Wisconsin holds Northwestern to 31.5 percent shooting in Big Ten victory
The result moved the Badgers into a three-way tie for the conference lead with Michigan State and Maryland. Illinois is a half-game back.
MADISON, Wis. — No. 24 Wisconsin will have a shot to clinch at least a share of the Big Ten title. The Badgers just need to tighten up a few things to improve their chances.
Nate Reuvers scored 11 points and Wisconsin struggled through a 63-48 victory over Northwestern on Wednesday night, moving into a three way-tie for first place in the conference.
“We’re not done yet,” guard D’Mitrik Trice said. “We’ve got one more to go.”
The Badgers (20-10, 13-6 Big Ten) play at Indiana on Saturday.
They have work to do after shooting just 39% against the 12th-worst defense in the conference.
Neither team exactly put on an offensive show. The Badgers found a way in the second half to put things together and pull away.
Northwestern (7-22, 2-17) dug itself two holes, only finding its way out of one.
The Wildcats, who shoot 42% from the field on average, started the game 1 for 10 with five turnovers in the first nine minutes. But after trailing by 17 points with 5:48 left, Northwestern cut the Wisconsin lead to 32-28 just before half.
The Wildcats’ offensive woes resurfaced after the break as they started 1 for 12 and fell behind 48-33 with 8:51 left.
Pete Nance led Northwestern with 14 points.
Wildcats coach Chris Collins said his struggled to knock down shots, even when they got good looks. At one point in the first half, they had well-executed plays that resulted in open shots that they missed.
Collins said the most frustrating thing was Northwestern wasn’t able to take advantage of the opportunity they gave themselves by largely keeping Wisconsin’s offense in check.
The Badgers had averaged 75 points a game over their six straight wins coming into the game.
“I thought our defense did enough,” Collins said. “It was just our inability to score to keep us within striking distance.”
The Badgers rely heavily on the 3-point shot, averaging nearly nine a game and shooting 35% from the arc. They made the first 3-pointer they took on consecutive possessions to start the game. From there, Wisconsin made 5 of their next 22.
“We’d love to always hit our shots,” Wisconsin guard Brad Davison said. “But when it comes down to it, if you play both ends of the floor, you can win from both ends of the floor.”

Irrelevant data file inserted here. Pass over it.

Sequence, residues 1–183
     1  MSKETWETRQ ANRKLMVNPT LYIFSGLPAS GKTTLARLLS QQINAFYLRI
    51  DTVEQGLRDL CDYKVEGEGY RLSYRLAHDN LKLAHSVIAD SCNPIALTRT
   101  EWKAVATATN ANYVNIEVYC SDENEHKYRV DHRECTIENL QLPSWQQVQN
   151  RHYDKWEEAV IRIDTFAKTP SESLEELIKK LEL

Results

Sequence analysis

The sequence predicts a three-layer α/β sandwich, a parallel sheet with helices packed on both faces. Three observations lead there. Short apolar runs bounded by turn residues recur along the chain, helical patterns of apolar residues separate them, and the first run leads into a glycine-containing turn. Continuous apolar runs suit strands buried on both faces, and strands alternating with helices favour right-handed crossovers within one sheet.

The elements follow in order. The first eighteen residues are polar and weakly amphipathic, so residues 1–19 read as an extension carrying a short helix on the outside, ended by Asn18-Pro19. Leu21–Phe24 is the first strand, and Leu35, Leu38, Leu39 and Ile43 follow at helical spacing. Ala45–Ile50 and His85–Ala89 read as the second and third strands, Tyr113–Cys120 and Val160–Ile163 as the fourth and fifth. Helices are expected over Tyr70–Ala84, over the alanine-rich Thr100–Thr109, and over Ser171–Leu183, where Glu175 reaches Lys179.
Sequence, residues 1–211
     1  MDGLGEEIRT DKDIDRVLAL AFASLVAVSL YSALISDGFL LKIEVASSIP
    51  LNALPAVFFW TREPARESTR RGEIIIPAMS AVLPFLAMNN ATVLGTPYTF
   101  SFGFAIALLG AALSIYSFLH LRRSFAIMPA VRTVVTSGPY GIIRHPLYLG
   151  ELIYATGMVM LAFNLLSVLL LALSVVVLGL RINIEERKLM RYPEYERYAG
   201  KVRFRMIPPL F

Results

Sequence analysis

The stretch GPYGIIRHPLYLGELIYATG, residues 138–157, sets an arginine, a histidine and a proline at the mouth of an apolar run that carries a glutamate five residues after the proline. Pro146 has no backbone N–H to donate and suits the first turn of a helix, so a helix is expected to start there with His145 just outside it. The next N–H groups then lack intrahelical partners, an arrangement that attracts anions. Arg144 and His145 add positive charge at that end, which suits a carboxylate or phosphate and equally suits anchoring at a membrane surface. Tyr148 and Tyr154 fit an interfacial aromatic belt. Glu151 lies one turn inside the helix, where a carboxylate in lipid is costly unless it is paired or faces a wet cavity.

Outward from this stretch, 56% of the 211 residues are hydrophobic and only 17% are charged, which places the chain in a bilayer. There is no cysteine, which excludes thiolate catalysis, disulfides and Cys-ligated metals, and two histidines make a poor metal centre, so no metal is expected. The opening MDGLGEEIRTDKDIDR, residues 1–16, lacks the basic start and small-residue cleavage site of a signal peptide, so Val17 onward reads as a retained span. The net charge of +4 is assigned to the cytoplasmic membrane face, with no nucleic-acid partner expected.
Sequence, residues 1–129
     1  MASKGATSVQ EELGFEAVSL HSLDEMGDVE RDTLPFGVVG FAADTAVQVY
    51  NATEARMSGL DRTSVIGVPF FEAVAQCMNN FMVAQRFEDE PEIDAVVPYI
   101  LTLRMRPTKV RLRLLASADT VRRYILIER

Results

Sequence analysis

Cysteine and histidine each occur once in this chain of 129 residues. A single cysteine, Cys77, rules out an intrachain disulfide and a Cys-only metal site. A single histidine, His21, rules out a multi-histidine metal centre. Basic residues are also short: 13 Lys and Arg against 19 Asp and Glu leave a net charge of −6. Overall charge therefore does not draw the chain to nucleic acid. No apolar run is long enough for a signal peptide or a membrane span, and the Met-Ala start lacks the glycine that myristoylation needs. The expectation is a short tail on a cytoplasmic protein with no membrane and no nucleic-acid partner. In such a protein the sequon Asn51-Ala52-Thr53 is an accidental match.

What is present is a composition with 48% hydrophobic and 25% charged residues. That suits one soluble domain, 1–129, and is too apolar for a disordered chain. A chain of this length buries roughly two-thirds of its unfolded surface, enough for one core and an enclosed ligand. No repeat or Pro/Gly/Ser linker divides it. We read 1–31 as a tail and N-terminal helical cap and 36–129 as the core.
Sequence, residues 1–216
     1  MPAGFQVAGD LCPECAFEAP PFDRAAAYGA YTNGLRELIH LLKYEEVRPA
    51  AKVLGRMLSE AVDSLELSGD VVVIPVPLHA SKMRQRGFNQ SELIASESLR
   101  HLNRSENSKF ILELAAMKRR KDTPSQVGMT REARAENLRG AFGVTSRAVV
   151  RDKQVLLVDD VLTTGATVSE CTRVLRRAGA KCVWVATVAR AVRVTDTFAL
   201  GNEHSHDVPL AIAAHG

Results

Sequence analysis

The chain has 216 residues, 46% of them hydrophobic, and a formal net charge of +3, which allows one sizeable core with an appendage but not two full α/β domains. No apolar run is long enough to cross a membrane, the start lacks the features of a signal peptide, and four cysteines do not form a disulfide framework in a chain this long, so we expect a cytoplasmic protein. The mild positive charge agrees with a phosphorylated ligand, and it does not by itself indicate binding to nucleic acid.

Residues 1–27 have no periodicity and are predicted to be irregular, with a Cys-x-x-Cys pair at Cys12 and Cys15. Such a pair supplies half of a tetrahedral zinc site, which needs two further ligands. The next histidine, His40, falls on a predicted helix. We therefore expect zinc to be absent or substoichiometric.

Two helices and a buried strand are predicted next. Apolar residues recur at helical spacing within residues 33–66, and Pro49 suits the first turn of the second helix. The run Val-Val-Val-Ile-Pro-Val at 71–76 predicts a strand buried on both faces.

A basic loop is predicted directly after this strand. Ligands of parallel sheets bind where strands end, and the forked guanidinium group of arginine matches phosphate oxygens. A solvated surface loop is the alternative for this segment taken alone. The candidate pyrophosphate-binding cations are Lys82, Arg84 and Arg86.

The win was Wisconsin coach Greg Gard’s 100th, improving his record to 100-57 since taking over midway through the 2015-16 season from former coach Bo Ryan.
“I’m just happy for all the people who have been a part of it,” Gard said. “I haven’t done this by myself.”
Wisconsin’s final home game of the season was a special night for two seniors, including one who started his career with the Badgers more than 25 years ago.
Former player Rashard Griffin left Wisconsin after his sophomore season in 1995 to turn pro and later returned to the university and graduated. He was accompanied during the festivities by the parents of Wisconsin assistant coach Howard Moore, who was Griffin’s teammate and has been on leave this season recovering from a May car crash that killed his wife and daughter.
Meanwhile, Michael Ballard, who had played nine minutes all season coming in, was played in the final minute of play. He drove through several Northwestern defenders in the closing seconds for a layup, even though teammate Brevin Pritzl said it was a “blatant” travel that the refs let go.
“He got his name in the scorebook, so that’s all that matters,” Pritzl said.
Northwestern: The season has been a struggle for the Wildcats. They showed fight at times, but lacked any kind of offensive attack to give them a chance at the upset.
Wisconsin: The Badgers have gone from a 5-5 start in December to a three-way tie for first in the Big Ten, joining Maryland and Michigan State with one game to play in the regular season.